Over the last few decades, Cirque du Soleil has revolutionized the concept of the circus with its emphasis on awe-inspiring performance art, acrobatics and experiential storytelling. Now, a local cirque troupe is following that blueprint with the same pulse-pumping theatrics on a smaller scale right here in Baton Rouge.
The group, Bayou Cirque, includes performers with a wide range of unique talents. At a typical Bayou Cirque performance, you might see a performer twirling a flaming baton or walking precariously on a giant globe, while other acts might breakdance, juggle, jump rope and more. The troupe also features a number of aerialist acts, like trapeze, aerial straps and circus cubes.
Bayou Cirque is organized by owners and teachers of GymFit BR, a local gym specializing in circus arts, gymnastics and functional fitness. Its leaders—David Gabel, Eric Otts, Stephanie Lee, John Scott and Erin Warner—have assembled a troupe of roughly 25 local performers with uniquely breathtaking talents.
While the troupe is still in its infancy—its first official performance was in October 2017—it has performed at a wide range of events since then, ranging from large-scale conventions like New Orleans Comic Con in January to private parties and corporate events.
“I was all nerves before our first performance,” Gabel says. “Everybody else had flawless executions that night. … We like to keep everyone asking, ‘What’s going to happen next?’”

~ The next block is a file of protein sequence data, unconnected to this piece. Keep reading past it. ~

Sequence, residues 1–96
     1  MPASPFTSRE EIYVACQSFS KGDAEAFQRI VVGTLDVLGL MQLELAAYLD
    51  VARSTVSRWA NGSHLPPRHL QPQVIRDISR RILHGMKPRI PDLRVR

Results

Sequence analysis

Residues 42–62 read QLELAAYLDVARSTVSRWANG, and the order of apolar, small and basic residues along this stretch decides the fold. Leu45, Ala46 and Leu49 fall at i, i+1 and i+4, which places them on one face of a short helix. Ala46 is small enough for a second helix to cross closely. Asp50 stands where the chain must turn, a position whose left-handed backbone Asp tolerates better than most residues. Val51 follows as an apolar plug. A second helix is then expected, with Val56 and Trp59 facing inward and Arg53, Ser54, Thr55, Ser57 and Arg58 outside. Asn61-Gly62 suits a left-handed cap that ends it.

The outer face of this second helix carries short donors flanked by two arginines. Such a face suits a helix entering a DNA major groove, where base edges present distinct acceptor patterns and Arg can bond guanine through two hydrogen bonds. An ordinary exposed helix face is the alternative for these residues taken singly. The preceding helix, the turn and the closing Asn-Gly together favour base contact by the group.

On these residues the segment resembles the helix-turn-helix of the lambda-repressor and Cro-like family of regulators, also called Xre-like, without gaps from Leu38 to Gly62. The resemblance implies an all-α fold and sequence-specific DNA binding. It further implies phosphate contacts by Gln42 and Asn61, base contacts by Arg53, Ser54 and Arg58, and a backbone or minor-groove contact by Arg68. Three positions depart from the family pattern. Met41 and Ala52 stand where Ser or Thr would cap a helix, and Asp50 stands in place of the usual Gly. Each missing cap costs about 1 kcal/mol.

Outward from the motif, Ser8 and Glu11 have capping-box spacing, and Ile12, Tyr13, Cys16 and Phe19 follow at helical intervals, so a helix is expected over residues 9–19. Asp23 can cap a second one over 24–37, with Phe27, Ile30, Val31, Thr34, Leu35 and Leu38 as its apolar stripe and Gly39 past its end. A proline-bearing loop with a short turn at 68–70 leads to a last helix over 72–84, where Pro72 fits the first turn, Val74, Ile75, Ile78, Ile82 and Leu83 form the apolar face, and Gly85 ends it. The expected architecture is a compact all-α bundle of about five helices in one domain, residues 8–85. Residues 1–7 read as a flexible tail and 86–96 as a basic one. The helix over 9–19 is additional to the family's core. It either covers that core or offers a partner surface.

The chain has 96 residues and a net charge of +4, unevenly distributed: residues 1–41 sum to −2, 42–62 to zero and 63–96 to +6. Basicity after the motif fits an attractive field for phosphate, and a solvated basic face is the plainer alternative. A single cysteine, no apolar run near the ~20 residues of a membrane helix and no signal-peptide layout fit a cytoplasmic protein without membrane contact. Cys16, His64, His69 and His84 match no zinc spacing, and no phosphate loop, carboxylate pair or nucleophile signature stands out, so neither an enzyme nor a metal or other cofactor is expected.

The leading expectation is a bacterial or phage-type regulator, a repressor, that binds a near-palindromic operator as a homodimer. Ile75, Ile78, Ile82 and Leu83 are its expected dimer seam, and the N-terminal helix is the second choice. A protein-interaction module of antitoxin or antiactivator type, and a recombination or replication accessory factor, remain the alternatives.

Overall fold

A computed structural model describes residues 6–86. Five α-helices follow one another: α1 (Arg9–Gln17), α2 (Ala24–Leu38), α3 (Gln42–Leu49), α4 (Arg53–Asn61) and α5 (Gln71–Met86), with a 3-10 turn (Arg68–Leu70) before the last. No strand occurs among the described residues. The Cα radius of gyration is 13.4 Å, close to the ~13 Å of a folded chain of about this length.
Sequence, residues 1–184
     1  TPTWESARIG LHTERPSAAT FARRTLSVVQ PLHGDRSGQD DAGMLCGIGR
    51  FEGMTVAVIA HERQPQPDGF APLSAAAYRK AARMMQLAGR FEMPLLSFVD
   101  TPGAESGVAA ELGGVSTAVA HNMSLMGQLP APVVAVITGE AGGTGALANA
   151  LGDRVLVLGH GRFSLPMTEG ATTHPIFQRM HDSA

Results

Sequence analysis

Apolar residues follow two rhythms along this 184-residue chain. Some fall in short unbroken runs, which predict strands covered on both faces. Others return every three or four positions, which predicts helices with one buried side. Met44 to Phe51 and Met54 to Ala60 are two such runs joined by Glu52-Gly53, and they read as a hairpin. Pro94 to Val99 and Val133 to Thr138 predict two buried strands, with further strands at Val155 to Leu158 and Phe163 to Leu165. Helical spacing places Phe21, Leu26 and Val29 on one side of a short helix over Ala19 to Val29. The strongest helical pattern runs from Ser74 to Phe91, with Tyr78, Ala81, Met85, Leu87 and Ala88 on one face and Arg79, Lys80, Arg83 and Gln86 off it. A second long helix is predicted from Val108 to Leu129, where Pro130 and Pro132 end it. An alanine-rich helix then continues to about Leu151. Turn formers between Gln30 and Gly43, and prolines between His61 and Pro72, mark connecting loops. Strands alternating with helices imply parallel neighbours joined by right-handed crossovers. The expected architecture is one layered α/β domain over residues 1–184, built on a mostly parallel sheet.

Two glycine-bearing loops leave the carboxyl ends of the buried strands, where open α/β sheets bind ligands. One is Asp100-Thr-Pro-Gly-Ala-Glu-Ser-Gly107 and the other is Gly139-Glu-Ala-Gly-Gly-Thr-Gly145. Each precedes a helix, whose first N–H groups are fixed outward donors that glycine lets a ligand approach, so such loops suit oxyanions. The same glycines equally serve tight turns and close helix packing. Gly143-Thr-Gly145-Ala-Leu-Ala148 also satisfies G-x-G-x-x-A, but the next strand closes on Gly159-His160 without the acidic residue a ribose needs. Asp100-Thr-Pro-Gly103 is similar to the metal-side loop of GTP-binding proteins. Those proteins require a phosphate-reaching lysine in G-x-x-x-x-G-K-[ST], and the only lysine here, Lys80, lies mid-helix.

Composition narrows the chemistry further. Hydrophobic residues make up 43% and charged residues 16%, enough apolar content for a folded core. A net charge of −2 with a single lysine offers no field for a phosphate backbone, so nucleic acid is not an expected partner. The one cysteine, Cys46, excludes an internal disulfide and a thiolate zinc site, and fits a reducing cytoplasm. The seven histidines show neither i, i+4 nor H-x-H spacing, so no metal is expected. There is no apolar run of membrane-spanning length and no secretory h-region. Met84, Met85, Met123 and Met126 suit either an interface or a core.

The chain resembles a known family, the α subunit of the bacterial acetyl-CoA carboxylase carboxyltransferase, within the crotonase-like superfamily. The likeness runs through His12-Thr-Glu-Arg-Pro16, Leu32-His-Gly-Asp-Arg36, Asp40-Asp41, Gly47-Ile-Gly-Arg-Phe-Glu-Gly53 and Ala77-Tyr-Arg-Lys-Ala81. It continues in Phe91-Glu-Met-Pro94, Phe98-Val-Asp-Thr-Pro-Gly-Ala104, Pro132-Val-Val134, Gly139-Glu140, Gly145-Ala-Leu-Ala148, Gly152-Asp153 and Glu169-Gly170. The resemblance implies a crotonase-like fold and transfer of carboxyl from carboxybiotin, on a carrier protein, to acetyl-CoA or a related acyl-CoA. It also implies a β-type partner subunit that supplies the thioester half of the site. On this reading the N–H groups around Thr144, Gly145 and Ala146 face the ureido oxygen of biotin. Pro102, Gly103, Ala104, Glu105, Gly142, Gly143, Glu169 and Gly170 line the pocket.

Bayou Cirque has recently expanded its scope to incorporate storytelling and thematic performances, à la Cirque du Soleil. It performed its first such production, “Dark Circus,” at 10/31 Consortium’s Ghostly Gala fundraiser in October 2018. The show, which features 10 acts seamlessly transitioning between one another for a full hour, tells the story of two children who sneak off to see a circus. They find that the circus ringmaster has imprisoned the souls of his performers. The children must find a way to set the performers free.
The success of the troupe’s first foray into storytelling has motivated it to bring “Dark Circus” to the public in the form of a full theatrical run. Keep an eye out for a repeat performance of the show this year.
For now, Bayou Cirque’s performers are hard at work fine-tuning their crafts, no matter their age or occupation. One of the aspects of the troupe Gabel says he is most proud of is its sheer diversity—he’s 43 and married with three kids, while other members of the crew are high school and college students.
“We’re really just a big circus community,” Scott says. “Community is one of the most important aspects of the circus arts, so bringing everyone together and watching our students grow has been one of my favorite parts of this whole experience.”
The circus comes to Mardi Gras
See Bayou Cirque performing in Mid City Gras, Feb. 24 at 1 p.m., and the Krewe of Southdowns Parade, March 1 at 7 p.m. Find out more about the group at bayoucirque.com.
This article was originally published in the February 2018 issue of 225 Magazine.